The results of the present clinical study show that plasma BDNF levels at 6 months after first hospitalisation for first episode psychosis (when patients have recovered from the acute episode) are positively associated with several cognitive domains. That is, cognitive performance is better in patients with higher BDNF levels. Specifically, we found positive associations between plasma BDNF levels and learning capacity (Logical Memory and Verbal Paired Associates I Learning Curve), verbal delayed memory (Verbal Paired Associates II), abstract verbal reasoning (Similarities) and processing speed (Digit-Symbol Coding) in patients. In contrast, an association between plasma BDNF levels and cognition was not seen in healthy control subjects. Similarly, some studies have found an association between immediate memory and BDNF levels in schizophrenic patients but not in healthy controls
. A possible explanation for our findings is that healthy volunteers and patients with higher BDNF levels may have sufficient cognitive reserve to compensate for other possible deficits present in patients with low BDNF levels; i.e., the brains of individuals with higher BDNF have a greater resistance to damage. Higher cognitive reserve has been shown to have a protective effect against dementia, schizophrenia and depression
[35, 36]. In the New Zealand Dunedin cohort, lower IQ was found to be a risk factor for the development of schizophrenia spectrum disorders
. In our sample, the healthy volunteer group had a higher IQ than the patient group and performed better in almost all of the cognitive tests. In both groups, IQ was positively associated with abstract thinking and processing speed.
Our results that patients with higher BDNF levels have better cognitive performance suggest that plasma BDNF levels could be used as a biological marker of cognition in patients with a first psychotic episode. Cognitive performance is an important clinical variable associated with prognosis in severe mental illness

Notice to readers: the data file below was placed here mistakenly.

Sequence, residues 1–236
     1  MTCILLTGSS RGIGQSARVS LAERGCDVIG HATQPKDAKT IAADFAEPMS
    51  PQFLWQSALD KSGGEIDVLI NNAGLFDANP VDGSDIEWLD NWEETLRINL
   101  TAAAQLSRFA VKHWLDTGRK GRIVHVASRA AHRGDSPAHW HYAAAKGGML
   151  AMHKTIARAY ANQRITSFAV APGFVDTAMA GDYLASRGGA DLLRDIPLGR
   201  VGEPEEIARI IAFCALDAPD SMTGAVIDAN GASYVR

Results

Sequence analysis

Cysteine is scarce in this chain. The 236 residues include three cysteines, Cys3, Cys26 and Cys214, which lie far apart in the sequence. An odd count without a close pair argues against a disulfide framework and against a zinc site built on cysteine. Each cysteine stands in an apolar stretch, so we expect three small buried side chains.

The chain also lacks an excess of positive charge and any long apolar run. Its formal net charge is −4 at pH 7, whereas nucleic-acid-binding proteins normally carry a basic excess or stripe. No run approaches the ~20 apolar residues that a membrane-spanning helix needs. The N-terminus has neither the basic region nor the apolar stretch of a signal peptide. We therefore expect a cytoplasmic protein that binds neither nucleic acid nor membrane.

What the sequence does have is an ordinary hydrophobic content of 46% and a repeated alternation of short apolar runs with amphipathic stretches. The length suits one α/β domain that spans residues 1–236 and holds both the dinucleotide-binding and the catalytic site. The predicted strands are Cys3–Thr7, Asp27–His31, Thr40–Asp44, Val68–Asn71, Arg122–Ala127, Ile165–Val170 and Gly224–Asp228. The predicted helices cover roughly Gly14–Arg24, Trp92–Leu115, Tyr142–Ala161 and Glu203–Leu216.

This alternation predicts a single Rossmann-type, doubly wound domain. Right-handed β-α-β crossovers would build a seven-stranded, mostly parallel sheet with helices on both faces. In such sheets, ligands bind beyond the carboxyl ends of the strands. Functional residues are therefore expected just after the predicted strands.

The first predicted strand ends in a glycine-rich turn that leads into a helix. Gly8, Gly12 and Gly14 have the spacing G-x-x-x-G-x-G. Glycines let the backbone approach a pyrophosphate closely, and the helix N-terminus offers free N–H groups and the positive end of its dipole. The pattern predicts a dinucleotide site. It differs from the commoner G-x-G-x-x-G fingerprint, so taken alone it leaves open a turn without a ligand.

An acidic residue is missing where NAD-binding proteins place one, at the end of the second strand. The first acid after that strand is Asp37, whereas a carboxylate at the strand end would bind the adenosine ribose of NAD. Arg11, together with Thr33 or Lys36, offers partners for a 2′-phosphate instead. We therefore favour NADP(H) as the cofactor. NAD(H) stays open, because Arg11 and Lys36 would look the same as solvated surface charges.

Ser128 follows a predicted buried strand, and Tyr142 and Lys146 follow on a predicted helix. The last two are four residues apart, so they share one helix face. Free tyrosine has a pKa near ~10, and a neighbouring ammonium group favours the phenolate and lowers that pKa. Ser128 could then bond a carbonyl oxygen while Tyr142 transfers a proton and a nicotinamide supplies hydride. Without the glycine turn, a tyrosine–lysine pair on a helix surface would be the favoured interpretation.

. The nature of the relationship is unclear but, based on previous studies
, we can hypothesize that lower BDNF functioning in the brain (e.g. during an acute episode of psychosis) can lead to cognitive impairment and could contribute towards the differences in cognition observed between different patients and between patients and healthy subjects. Other investigations have found positive relationships between BDNF levels and cognition in patients with diseases that result in cognitive impairment. One study found an association between maintained increases in serum BDNF levels and improved cognition in patients with schizophrenia, and suggested that serum BDNF levels could be used as a biological marker of cognitive improvement
. Another study found a positive correlation between serum BDNF levels and hippocampal volumes, which could explain the relationship between the BDNF and memory
. Moreover, BDNF levels could change during treatment with some medications. In patients with early Alzheimer’s disease, up-regulation of BDNF with lithium treatment has been associated with increases in cognitive performance